Civilian Sets Fire To Nuclear Submarine In Attempt To Get Off Work Early
Next time you want to get off work early, you probably shouldn't do what this guy did.
In Maine, a civilian employee set fire to a nuclear submarine, causing nearly $400 million in damages. According to reports, he set the fire because he was suffering from anxiety and wanted to go home early.
Casey James Fury, 24, of Portsmouth, N.H., faces up to life in prison if convicted on two counts of arson for allegedly setting fire to the USS Miami nuclear-powered attack submarine while it was in dry dock on May 23, and setting a second fire outside the sub on June 16.
Fury was taking multiple medications for anxiety and depression, and told investigators he set the fires so he could get out of work, according a 7-page affidavit filed in U.S. District Court in Portland on Monday.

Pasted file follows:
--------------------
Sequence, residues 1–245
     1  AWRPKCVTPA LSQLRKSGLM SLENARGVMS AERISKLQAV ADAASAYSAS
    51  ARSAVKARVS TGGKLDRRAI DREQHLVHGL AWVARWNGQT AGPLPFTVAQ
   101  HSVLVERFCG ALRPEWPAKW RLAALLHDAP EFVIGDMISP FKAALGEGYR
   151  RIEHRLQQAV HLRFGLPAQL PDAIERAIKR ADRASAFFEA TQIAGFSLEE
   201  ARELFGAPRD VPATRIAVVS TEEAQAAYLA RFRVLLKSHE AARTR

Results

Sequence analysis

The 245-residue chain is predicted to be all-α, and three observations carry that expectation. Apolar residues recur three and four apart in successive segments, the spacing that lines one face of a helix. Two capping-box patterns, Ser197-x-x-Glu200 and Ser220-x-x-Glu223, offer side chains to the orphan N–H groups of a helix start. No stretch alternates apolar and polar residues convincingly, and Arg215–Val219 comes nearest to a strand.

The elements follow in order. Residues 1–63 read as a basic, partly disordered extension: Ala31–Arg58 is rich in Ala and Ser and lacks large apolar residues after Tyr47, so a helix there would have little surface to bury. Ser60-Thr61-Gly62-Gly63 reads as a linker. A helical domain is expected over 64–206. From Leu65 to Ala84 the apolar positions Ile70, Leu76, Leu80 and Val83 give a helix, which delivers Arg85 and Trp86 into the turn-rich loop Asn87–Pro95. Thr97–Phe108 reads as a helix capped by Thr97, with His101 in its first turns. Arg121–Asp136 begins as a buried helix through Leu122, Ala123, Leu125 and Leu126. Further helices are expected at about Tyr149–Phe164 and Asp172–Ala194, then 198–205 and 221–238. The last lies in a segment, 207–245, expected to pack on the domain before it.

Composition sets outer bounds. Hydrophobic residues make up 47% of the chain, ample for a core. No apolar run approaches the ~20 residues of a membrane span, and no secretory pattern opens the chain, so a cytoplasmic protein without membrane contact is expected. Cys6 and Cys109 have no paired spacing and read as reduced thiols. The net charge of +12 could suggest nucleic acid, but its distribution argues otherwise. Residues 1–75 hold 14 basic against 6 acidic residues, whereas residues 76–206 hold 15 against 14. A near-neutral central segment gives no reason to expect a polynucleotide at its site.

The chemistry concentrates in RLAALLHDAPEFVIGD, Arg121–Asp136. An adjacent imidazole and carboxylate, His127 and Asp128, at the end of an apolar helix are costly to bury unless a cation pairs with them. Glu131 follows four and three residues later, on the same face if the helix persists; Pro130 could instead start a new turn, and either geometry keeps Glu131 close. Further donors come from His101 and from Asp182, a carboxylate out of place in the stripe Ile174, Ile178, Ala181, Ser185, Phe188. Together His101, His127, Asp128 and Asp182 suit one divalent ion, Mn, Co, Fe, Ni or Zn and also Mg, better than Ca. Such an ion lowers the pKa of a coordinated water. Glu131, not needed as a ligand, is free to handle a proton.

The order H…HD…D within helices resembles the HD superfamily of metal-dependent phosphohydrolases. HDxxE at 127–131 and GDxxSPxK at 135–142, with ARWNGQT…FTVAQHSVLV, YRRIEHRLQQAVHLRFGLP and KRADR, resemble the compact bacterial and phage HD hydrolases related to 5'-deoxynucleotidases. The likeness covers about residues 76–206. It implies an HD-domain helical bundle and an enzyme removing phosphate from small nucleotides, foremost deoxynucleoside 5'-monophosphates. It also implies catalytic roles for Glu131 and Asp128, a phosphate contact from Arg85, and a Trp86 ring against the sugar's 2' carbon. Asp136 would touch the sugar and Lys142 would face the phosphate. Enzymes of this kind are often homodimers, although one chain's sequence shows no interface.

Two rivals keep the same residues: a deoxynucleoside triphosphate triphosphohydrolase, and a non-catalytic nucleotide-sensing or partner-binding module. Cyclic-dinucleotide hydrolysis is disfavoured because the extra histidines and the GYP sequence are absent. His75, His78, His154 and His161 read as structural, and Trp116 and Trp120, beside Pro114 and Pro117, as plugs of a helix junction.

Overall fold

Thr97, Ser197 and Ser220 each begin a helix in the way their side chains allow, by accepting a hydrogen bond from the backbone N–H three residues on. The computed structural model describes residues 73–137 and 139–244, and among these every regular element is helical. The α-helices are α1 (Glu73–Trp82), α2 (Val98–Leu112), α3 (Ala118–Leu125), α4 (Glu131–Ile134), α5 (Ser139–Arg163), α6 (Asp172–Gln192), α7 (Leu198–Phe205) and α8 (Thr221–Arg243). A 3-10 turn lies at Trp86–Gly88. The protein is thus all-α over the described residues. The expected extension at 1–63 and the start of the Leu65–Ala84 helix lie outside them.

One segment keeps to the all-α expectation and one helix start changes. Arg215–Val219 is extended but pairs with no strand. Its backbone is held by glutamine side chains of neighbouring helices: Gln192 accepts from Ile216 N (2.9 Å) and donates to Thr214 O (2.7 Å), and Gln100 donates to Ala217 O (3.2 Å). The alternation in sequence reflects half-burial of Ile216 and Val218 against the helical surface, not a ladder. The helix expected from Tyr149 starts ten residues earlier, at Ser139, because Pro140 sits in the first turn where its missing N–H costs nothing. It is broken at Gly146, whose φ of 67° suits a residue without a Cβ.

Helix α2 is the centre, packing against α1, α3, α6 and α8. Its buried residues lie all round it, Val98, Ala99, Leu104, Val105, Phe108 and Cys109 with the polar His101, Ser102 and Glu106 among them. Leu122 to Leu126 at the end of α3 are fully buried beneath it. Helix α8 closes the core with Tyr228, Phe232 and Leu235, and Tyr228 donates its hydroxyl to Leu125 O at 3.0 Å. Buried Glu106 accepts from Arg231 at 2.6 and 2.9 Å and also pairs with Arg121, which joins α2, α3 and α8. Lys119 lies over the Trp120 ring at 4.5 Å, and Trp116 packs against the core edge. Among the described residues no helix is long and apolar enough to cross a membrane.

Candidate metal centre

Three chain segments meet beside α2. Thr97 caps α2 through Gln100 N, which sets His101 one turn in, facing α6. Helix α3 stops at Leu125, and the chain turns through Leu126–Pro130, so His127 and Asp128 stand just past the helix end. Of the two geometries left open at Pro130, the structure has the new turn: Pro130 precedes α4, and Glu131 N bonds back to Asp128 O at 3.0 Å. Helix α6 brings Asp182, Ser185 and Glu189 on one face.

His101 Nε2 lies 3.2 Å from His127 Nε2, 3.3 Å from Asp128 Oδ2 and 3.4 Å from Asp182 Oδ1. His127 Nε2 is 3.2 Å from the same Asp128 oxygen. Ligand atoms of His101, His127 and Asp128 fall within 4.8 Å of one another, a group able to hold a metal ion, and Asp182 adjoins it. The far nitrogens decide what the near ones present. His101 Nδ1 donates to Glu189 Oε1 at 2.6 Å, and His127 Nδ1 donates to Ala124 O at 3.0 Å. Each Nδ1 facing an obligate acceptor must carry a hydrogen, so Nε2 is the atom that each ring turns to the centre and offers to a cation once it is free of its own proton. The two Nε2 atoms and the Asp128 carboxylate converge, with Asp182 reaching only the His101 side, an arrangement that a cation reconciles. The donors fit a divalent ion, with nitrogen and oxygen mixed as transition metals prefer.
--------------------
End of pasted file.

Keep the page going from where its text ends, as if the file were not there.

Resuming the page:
Fury, who was working on the sub as a painter and sandblaster, initially denied starting the fires, but eventually acknowledged his involvement, the affidavit reads. He admitted to setting the May 23 fire, which caused an estimated $400 million in damage, while taking a polygraph test and being told by the examiner he wasn't being truthful.
The fire took almost 12 hours to extinguish, and the torpedo room and command area suffered damage. Thankfully, no one was inside the sub during the fire and no injuries were reported. If convicted, Fury would have to pay restitution on the damages, as well as an additional $250,000 fine and life imprisonment.
Wouldn't it have just been easier to call in sick or something?